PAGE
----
Ken Loach‘s last feature focused on Jimmy Gralton, the leader of the actual Communist Party of Ireland, back in 1932.
This figure of not only communism, but cultural revolution, was obliged to flee Ireland during the Civil War of the country in the 20’s, after building a cultural space. Indeed, this “hall” – as called in the movie – combined different activities such as singing, poetry, box and dance. It went against the strict values of the Catholic Church and after Jimmy’s (Barry Ward) escape, it was shut down.
Jimmy’s Hall relates his story starting the day of his coming back ten years after the event. It didn’t take long to him to reopen the hall and gather along the old activists and teenagers in search of freedom.
However, it didn’t take long also to get the attention of the Church again.
When Jimmy flee the country, he went to the United States, where he wandered around jazz clubs, animated by black musicians, and assisted to the evolution of the music genre. Therefore, when he returned, he introduced new dance moves to the members of the hall, moves bearing sexual meanings and african-american origins, but most importantly, moves caring freedom of expression, and opposition.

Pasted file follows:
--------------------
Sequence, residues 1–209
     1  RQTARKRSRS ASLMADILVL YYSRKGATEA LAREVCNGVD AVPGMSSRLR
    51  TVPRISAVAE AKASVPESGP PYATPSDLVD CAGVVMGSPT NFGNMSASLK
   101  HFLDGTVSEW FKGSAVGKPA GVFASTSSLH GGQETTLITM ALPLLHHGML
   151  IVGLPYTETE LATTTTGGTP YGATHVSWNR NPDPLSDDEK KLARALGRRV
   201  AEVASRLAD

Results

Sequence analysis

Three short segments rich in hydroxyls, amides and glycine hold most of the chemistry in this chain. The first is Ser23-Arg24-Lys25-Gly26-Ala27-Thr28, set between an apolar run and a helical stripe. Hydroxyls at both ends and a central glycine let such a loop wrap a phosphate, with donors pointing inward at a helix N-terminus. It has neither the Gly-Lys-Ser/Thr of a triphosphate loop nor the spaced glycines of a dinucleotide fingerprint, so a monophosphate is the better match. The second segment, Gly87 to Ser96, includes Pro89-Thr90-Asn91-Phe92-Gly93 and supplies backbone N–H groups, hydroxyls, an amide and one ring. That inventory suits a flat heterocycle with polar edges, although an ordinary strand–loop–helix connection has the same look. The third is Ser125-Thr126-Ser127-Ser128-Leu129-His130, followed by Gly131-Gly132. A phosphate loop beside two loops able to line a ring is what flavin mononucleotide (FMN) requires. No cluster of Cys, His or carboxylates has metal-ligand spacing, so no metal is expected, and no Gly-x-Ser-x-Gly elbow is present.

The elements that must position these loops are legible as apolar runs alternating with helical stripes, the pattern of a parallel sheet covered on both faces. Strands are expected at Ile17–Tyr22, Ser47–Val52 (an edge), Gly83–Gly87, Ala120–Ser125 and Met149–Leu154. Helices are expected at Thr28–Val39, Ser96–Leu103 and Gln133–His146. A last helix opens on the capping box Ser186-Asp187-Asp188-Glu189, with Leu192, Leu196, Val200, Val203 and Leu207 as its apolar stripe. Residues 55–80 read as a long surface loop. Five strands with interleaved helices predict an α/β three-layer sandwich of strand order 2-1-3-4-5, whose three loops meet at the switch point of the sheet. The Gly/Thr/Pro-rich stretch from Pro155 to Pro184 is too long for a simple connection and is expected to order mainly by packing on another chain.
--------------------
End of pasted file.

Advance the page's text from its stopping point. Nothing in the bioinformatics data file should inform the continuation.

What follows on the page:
Ken Loach filmed the movie as an old movie broadcasted on TV on a lazy afternoon.
However, as many Loach’ movies, his biopic bears and conveys values and elements of denunciation. Here, an image of an old Ireland, where the Catholic Church wanted to contain all the progressive ideas of the time embodied by the character of Jimmy. A Church that is represented as castrator, negatively portrayed; a source of violence controlled by a priest aiming as inspiring respect and devotion to the population of Leitrim.
Despite all that, the film lacks of twists. Indeed, it is really smooth, very light, and thus, lacks of a little something that will get it out of the tv feature film aspect.
The issue is also located in the angle Loach has adopted, filming from one perspective, thus lessening the complexity. It is a light movie, with a happy ending and no shots taking by night increasing this idea of lightness.
In a nutshell, all the craziness, intensity, and thus depth Jimmy’s Hall could have borne was put aside, which is very unfortunate.